>>> /usr/src/sys/ufs/ufs/ufs_lookup.c:171: error: 'td' undeclared (first
>>> use in this function)
>>> /usr/src/sys/ufs/ufs/ufs_lookup.c:171: error: (Each undeclared
>>> identifier is reported only once
>>> /usr/src/sys/ufs/ufs/ufs_lookup.c:171: error: for each function it
>>> appears in.)
>>> /usr/src/sys/ufs/ufs/ufs_lookup.c:173:45: error: macro "VOP_LOCK"
>>> passed 3 arguments, but takes just 2
>>> /usr/src/sys/ufs/ufs/ufs_lookup.c:173: error: 'VOP_LOCK' undeclared
>>> (first use in this function)
>>> *** Error code 1
>>>
>>>
>>
>> Sorry, forgot to check in a fix.  Apply this patch:
>>
>>   http://www.freebsd.org/~kris/ufs_lookup.c.diff
>>
>> (you'll need to specify the path by hand)
>>
>> Kris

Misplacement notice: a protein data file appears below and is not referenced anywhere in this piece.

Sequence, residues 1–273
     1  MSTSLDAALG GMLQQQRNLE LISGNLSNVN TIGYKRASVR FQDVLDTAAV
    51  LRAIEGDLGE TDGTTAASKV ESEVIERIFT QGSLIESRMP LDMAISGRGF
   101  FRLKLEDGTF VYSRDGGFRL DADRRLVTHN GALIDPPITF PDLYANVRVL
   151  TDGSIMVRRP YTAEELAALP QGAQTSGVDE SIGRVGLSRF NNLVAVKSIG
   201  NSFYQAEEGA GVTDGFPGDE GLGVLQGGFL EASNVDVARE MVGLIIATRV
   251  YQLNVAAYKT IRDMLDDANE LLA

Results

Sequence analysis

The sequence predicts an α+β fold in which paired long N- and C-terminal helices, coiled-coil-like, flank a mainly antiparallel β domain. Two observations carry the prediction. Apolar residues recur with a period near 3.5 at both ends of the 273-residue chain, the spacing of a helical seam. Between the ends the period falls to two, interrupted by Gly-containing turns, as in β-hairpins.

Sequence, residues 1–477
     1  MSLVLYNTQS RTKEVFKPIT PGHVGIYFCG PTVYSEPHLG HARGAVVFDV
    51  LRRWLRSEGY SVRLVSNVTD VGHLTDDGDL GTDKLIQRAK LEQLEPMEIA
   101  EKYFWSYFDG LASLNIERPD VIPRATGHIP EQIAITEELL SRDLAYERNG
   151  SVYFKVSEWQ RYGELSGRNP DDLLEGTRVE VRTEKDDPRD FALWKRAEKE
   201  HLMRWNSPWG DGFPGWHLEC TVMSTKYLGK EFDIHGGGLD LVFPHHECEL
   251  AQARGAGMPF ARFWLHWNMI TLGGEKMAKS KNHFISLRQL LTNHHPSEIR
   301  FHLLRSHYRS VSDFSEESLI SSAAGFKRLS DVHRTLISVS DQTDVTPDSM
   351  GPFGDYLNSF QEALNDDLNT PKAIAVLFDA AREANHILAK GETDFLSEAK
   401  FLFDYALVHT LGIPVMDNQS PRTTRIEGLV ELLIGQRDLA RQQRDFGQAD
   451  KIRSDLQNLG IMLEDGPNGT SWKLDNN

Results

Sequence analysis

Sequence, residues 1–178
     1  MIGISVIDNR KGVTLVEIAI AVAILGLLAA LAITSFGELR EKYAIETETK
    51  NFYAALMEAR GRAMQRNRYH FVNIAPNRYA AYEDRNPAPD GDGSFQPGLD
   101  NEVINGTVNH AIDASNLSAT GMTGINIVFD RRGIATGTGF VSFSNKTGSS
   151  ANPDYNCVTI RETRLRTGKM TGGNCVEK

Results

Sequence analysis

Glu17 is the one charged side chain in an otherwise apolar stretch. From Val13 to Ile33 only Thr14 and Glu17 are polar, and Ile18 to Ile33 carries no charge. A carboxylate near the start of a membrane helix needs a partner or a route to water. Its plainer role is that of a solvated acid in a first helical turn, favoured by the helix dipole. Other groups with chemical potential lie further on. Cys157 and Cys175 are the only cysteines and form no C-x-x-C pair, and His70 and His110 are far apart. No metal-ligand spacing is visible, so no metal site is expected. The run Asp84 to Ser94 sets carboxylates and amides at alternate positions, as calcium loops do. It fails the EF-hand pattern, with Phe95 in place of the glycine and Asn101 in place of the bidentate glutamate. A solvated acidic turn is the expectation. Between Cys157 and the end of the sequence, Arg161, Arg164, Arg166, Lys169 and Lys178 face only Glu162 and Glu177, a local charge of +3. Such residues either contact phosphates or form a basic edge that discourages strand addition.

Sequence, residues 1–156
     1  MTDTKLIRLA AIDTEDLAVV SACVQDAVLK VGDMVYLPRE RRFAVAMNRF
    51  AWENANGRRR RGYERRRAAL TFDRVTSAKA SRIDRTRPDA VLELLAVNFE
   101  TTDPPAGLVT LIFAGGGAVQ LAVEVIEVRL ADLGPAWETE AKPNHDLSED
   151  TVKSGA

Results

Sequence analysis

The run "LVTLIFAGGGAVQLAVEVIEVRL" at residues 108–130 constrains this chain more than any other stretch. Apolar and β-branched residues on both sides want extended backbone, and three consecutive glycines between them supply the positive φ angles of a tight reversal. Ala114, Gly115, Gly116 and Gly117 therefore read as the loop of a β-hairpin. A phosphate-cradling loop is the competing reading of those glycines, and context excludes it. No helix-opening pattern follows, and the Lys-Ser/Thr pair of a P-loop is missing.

> Now this compiles, but :
>
> cc -O2 -fno-strict-aliasing -pipe -march=nocona -Werror -D_KERNEL
> -DKLD_MODULE -std=c99 -nostdinc   -DHAVE_KERNEL_OPTION_HEADERS -include
> /usr/obj/usr/src/sys/CORE/opt_global.h -I. -I@ -I@/contrib/altq
> -finline-limit=8000 --param inline-unit-growth=100 --param
> large-function-growth=1000 -fno-common -g -fno-omit-frame-pointer
> -I/usr/obj/usr/src/sys/CORE -mcmodel=kernel -mno-red-zone  -mfpmath=387
> -mno-sse -mno-sse2 -mno-mmx -mno-3dnow  -msoft-float
> -fno-asynchronous-unwind-tables -ffreestanding -Wall -Wredundant-decls
> -Wnested-externs -Wstrict-prototypes  -Wmissing-prototypes
> -Wpointer-arith -Winline -Wcast-qual  -Wundef -Wno-pointer-sign
> -fformat-extensions -c
> /usr/src/sys/modules/mac_lomac/../../security/mac_lomac/mac_lomac.c